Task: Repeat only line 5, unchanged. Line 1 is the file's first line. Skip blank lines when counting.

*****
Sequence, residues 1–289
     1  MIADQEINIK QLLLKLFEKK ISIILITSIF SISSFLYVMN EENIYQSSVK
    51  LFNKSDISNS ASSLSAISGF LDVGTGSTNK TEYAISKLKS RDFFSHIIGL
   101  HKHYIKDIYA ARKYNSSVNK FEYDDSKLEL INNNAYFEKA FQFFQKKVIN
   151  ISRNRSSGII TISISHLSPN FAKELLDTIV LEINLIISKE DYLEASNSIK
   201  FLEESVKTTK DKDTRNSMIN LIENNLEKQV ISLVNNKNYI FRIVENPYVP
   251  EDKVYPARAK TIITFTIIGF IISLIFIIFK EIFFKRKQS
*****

   151  ISRNRSSGII TISISHLSPN FAKELLDTIV LEINLIISKE DYLEASNSIK